Over half a million senior citizens die each year from their psychiatric drug use. To make matters worse, most of these drugs don’t even provide worthwhile benefits to the patients for whom they are prescribed.
A study from the Nordic Cochrane Centre in Denmark — led by professor and center director Peter Gotzche — has revealed that the vast majority of psychiatric drugs do far more harm than good. The results indicated that many of the drugs in this class only provide modest benefits and most who use them would actually be better off without them.
The ground-breaking paper by Peter Gotzche revealed that most anti-depressants and other dementia drugs do very little for patients, but do carry many serious health risks. Gotzche says that in addition to being useless, the drugs are also vastly over-prescribed to people who are unlikely to benefit from them.
For example, SSRIs, or selective serotonin re-uptake inhibitors, have been found to worsen depression in many instances, and have been found to provoke suicides and even homicides in patients. Most psych medications have no real proof of how effective they will be for a given patient, which should indicate that their use should be more limited — not more widespread. Unfortunately, Big Pharma is a pretty corrupt business, and the more people doctors peddle their garbage products to, the more money they make.
Gotzche posits that some of the most useless and over-prescribed psychotropic drugs that we could all do without include ADHD medications, antidepressants and prescriptions for dementia patients. Over-prescription and inappropriate use of anti-psychotic drugs in dementia patients is also of particular concern. Alzheimers.org.uk reports that upwards of 150,000 people in the UK suffering with dementia have been inappropriately prescribed an anti-psychotic drug. The website also notes that the use of these drugs contributes to about 1,800 deaths per year. Alzheimer’s Society also states that these kinds of drugs are often used to control patient behavior, rather than having caretakers take the time to learn and understand their behavior. For example, a patient that is acting angrily may actually be experiencing distress but is unable to explain why, and then becomes agitated. The poor patient is then prescribed some mind-numbing drug to keep them quiet and complacent until the end of their days.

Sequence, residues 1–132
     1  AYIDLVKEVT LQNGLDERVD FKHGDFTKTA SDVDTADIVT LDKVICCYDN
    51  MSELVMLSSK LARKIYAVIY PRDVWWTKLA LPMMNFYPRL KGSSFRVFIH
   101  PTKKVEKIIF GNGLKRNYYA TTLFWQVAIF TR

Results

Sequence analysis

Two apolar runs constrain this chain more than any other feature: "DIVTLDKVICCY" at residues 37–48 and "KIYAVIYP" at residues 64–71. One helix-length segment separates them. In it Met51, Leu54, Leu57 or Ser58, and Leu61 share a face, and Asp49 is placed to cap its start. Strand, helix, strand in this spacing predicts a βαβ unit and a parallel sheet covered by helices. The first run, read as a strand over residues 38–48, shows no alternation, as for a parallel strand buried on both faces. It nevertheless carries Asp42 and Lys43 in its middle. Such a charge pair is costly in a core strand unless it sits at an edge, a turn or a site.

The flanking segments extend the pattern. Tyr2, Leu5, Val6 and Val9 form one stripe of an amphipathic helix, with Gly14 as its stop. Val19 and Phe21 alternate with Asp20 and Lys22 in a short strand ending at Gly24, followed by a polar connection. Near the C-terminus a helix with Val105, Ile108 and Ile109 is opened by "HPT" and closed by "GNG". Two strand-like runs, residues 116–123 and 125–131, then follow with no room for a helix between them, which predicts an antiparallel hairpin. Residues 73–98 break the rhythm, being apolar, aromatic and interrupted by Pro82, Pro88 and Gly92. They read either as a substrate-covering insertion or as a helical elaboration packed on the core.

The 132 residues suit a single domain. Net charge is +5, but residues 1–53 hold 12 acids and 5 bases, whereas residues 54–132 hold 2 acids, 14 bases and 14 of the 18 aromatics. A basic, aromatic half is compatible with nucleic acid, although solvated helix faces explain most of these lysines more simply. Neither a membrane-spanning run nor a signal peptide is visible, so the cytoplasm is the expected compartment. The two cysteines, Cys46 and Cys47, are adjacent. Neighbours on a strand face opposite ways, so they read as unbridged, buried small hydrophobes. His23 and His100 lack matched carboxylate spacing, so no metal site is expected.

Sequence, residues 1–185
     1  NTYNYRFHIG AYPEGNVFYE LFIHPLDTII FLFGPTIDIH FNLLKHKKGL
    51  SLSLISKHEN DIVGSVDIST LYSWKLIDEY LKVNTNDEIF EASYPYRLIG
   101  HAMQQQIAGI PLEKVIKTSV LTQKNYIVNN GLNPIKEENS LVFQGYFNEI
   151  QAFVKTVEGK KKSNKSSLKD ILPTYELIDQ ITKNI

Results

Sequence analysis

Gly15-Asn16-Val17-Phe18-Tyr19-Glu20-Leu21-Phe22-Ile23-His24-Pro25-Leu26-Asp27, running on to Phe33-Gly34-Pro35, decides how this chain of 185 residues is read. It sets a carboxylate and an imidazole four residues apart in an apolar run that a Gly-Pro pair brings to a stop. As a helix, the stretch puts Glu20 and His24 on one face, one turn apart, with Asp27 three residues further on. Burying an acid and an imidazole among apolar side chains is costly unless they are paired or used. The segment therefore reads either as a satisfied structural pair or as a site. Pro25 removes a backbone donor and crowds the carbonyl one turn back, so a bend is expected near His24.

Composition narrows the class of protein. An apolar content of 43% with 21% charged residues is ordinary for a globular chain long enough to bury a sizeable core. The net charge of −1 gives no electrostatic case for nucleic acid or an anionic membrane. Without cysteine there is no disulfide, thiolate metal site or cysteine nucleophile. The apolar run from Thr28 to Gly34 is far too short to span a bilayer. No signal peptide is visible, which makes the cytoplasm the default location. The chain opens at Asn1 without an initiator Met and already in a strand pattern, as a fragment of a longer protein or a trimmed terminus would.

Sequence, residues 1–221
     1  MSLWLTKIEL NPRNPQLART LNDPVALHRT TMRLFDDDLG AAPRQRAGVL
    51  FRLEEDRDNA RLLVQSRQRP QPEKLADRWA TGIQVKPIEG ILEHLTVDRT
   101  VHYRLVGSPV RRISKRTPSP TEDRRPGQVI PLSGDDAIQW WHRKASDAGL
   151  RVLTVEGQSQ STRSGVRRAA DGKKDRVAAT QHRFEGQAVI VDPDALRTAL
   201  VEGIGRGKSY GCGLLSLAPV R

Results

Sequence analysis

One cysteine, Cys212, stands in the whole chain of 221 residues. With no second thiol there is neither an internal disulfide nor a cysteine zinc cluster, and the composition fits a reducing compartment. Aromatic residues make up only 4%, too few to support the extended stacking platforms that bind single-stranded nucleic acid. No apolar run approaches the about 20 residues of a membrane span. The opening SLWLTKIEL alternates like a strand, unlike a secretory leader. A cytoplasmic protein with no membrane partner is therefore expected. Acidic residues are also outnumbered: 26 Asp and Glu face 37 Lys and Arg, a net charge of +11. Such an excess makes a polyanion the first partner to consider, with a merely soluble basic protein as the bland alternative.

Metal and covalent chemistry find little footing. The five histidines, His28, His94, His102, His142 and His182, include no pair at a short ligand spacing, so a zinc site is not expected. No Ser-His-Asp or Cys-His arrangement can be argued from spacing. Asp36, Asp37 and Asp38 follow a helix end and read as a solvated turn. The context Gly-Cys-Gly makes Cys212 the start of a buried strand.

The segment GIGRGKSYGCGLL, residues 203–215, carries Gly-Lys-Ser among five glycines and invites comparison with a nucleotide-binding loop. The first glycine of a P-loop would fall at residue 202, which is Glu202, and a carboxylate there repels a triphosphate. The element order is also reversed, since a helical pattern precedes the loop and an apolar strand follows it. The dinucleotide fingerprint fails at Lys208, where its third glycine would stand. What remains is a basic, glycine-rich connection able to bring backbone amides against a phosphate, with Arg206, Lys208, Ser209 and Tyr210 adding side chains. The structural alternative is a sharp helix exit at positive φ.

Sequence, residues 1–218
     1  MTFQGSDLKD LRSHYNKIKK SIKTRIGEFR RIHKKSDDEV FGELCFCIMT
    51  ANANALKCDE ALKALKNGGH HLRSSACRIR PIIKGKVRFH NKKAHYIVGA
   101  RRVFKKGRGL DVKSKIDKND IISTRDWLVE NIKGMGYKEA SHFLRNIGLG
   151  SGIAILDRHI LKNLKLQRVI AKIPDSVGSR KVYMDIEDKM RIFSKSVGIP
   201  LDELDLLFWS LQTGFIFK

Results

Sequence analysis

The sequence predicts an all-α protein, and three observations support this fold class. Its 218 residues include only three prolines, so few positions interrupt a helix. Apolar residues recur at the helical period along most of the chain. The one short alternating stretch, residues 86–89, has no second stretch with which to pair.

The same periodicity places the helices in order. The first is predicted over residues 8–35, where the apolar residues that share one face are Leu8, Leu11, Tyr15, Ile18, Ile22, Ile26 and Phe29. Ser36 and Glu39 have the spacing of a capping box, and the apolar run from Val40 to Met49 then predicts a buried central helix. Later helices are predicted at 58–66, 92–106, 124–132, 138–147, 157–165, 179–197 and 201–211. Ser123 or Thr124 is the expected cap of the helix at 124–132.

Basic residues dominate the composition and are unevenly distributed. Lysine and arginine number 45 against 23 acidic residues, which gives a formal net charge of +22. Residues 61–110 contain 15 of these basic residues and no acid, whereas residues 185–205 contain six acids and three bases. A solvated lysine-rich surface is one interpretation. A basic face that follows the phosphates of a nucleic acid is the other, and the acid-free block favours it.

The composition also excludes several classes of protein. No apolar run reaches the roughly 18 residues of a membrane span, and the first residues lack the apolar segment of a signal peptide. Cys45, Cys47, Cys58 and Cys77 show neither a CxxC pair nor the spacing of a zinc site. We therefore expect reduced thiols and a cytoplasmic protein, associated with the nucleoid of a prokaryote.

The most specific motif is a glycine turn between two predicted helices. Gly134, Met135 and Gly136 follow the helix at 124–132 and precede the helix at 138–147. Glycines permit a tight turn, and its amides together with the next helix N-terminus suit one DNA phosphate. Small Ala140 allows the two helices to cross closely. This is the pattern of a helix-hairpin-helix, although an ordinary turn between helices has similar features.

Many people will argue that there are tons of people who benefit from the use of these drugs, but their experience does not mean it is the standard. Nor does it outweigh the risk factors associated with the use of psychotropic drugs, especially in the elderly. Anti-psychotics are primarily used to make dementia patients easier to work with; not for patient benefit. In fact, use of these drugs can actually make a patient’s symptoms worse.
Big Pharma is an extremely corrupt business — corporations often fund and perform the majority of the studies on their own products. How can anyone rationally trust what they are selling?